Study: San Joaquin Valley has potential for 100,000 clean energy jobs

Source: California Business Alliance for a Green Economy

Renewable energy projects slated for the San Joaquin Valley could bring more than 100,000 jobs to the area, according to a new study by UC Merced Professor Shawn Krantor.

The study, "The Economic Opportunity from Clean Energy Jobs in California's San Joaquin Valley," calculates job creation from two of the Valley's most significant industries including planned and pending-approval renewable energy projects and the high-speed rail system. Jointly, these two industries are expected to create as many as 103,510 new production and construction jobs right here in the San Joaquin Valley. Production jobs are defined in the study as long-term, while construction jobs are limited-term. 

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"Taken together, clean energy and high speed rail have the potential to fundamentally change the trajectory of economic development and job creation in the San Joaquin Valley," said Dr. Kantor, Professor and County Bank Endowed Chair in Economics at University of California Merced, author of the study. "The San Joaquin Valley is keeping pace with other regions by creating just as many jobs to support a clean energy economy in California." 

The report, issued by the California Business Alliance for a Green Economy, explains that the San Joaquin Valley is well positioned to attract jobs in the clean energy sector – three jobs for every one job created by the high-speed rail system. The transition to cleaner energy sources is expected to bring economic growth to the region, supporting cleantech as well as traditional business. 

Valley renewable energy projects analyzed in the study include Hydrogen Energy California (HECA) in Kern County, Bioenergy in Fresno, Madera Power in Madera, DTE Energy Services in San Joaquin County, Eurus San Drag in Kings County, and SPS Alpaugh in Tulare County, among others. 

"This report illustrates that a healthy and prosperous future for the Valley, and all of California, depends upon a clean, green and efficient economy," said Susan Frank, coordinator for the California Business Alliance for a Green Economy. "As these Valley-based jobs are created, that will translate into a boost in the bottom line for the many small, mainstream businesses providing products and services for the clean tech sector."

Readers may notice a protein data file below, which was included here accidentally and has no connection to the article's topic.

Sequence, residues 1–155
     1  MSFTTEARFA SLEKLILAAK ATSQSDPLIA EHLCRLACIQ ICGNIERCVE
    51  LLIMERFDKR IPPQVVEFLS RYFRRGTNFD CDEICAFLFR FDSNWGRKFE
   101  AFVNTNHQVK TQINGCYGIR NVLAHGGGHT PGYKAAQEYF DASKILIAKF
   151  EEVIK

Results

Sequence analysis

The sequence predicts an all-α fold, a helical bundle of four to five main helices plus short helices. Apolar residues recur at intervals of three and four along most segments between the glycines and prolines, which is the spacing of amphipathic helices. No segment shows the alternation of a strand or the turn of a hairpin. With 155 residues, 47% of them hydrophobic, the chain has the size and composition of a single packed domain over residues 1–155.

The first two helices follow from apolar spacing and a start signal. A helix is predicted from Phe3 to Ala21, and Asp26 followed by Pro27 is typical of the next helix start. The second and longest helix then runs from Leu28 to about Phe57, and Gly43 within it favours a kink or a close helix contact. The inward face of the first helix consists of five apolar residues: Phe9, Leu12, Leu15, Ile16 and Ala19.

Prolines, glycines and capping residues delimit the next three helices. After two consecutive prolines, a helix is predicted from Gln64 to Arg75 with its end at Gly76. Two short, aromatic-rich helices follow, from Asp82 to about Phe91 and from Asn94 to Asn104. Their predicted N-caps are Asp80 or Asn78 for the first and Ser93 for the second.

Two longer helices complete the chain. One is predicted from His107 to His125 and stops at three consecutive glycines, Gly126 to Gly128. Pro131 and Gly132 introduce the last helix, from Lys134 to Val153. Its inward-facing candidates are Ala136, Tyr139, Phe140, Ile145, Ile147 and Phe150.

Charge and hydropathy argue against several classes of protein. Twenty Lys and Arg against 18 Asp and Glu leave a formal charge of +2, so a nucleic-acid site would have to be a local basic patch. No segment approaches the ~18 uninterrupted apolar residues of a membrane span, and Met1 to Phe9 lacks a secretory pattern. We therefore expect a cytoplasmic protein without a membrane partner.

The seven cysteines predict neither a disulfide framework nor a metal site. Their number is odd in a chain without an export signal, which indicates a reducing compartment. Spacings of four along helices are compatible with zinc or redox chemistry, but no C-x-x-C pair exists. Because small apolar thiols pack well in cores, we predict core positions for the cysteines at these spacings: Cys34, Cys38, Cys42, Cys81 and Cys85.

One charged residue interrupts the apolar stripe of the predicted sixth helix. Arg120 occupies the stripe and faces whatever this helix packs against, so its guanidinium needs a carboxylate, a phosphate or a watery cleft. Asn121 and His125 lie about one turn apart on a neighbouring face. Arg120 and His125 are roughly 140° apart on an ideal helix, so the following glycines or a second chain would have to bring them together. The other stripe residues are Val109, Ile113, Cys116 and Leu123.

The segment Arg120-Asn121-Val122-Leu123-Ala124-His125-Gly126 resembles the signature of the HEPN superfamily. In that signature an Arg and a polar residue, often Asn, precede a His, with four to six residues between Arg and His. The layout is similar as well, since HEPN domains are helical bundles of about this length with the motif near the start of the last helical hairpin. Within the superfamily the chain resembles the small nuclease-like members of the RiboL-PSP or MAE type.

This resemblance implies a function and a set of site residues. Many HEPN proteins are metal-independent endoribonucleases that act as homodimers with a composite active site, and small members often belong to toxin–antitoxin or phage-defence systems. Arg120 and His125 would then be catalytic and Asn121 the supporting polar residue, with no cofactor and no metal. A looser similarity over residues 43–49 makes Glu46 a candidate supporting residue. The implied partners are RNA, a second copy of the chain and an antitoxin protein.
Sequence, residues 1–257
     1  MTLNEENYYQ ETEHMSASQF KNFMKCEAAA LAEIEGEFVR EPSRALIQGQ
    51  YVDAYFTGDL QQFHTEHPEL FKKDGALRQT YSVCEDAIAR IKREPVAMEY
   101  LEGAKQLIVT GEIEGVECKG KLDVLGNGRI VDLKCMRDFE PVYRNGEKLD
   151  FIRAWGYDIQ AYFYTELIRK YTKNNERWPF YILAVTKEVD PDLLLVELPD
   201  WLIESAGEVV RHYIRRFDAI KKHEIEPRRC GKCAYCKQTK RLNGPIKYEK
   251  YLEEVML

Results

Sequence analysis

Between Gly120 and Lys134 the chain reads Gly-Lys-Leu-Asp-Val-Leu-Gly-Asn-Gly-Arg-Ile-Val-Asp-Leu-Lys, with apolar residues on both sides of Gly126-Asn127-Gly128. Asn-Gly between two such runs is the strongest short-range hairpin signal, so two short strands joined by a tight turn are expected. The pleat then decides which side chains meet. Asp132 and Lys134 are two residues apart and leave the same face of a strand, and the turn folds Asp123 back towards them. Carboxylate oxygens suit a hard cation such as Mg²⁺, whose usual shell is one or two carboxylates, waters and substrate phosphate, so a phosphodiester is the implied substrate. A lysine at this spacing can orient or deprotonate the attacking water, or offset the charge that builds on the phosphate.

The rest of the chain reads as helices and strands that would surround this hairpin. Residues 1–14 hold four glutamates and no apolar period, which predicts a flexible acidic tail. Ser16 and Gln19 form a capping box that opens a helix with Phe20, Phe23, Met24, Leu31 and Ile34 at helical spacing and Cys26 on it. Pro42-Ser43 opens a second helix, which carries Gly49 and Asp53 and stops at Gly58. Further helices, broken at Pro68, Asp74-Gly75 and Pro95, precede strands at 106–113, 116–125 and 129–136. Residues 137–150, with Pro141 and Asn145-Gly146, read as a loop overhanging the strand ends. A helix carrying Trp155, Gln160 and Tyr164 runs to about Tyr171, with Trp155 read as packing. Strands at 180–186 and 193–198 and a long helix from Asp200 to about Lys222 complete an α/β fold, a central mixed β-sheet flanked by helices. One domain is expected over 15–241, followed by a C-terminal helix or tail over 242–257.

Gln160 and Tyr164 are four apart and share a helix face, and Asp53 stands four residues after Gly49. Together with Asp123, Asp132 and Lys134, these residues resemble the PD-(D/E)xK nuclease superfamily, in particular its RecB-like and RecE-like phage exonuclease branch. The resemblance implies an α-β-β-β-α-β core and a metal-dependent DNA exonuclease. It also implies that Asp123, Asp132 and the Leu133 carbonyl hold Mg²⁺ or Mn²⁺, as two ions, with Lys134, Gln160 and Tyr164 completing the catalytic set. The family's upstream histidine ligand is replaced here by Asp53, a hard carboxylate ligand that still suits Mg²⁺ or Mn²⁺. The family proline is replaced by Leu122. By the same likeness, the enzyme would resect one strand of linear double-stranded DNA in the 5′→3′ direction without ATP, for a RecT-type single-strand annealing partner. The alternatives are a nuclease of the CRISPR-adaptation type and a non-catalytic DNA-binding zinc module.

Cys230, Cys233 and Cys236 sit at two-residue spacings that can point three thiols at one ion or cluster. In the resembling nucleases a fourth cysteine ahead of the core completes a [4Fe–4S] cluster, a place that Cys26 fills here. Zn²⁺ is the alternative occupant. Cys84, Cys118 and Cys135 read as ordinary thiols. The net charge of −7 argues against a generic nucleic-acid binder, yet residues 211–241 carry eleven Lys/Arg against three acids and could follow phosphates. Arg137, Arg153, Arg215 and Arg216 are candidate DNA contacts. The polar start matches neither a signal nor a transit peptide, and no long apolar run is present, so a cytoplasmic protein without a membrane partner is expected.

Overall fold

According to the author, the major economic waves that have swept across California in recent decades, such as biotechnology and computer technology, have largely bypassed the San Joaquin Valley. Meanwhile, the emerging clean technology sector is creating jobs at an equal pace with other regions of the state. For example, statewide employment in clean energy grew from 117,000 to 159,000 from 1995 to 2008 (36%), while San Joaquin Valley employment increased by 48% over the same period (Next 10: Many Shades of Green, 2009). Further, the San Joaquin Valley is expected to produce 10% of California's renewable energy within the next ten years once all pending biomass, solar, hydrogen and wind energy projects come online, with the majority of job creation coming from solar. 

"The best part about it is that the renewable energy industry is bringing jobs to our community. These jobs are coming to California because of clean energy policies that make us a leader in the nation," said Tom Cotter, Central California sales manager for Real Goods Solar and member of the California Business Alliance for a Green Economy. "In fact, Fresno is well positioned to be a leader in this effort. We have skilled workers, university resources and an unlimited supply of entrepreneurial spirit." Cotter is co-founder of Green Fresno and is the organizer of Fresno Solar Tour, part of the National Solar Tour, the largest annual grassroots solar event in history. 

Based on projections from the California High-Speed Rail Authority, an estimated 24,000 construction jobs will be created in the San Joaquin Valley to build the rail network in the region. The high-speed rail network and strong renewable electricity standards (33% by 2020) are included in the plan to meet the goals of the state's landmark clean energy law (AB 32).

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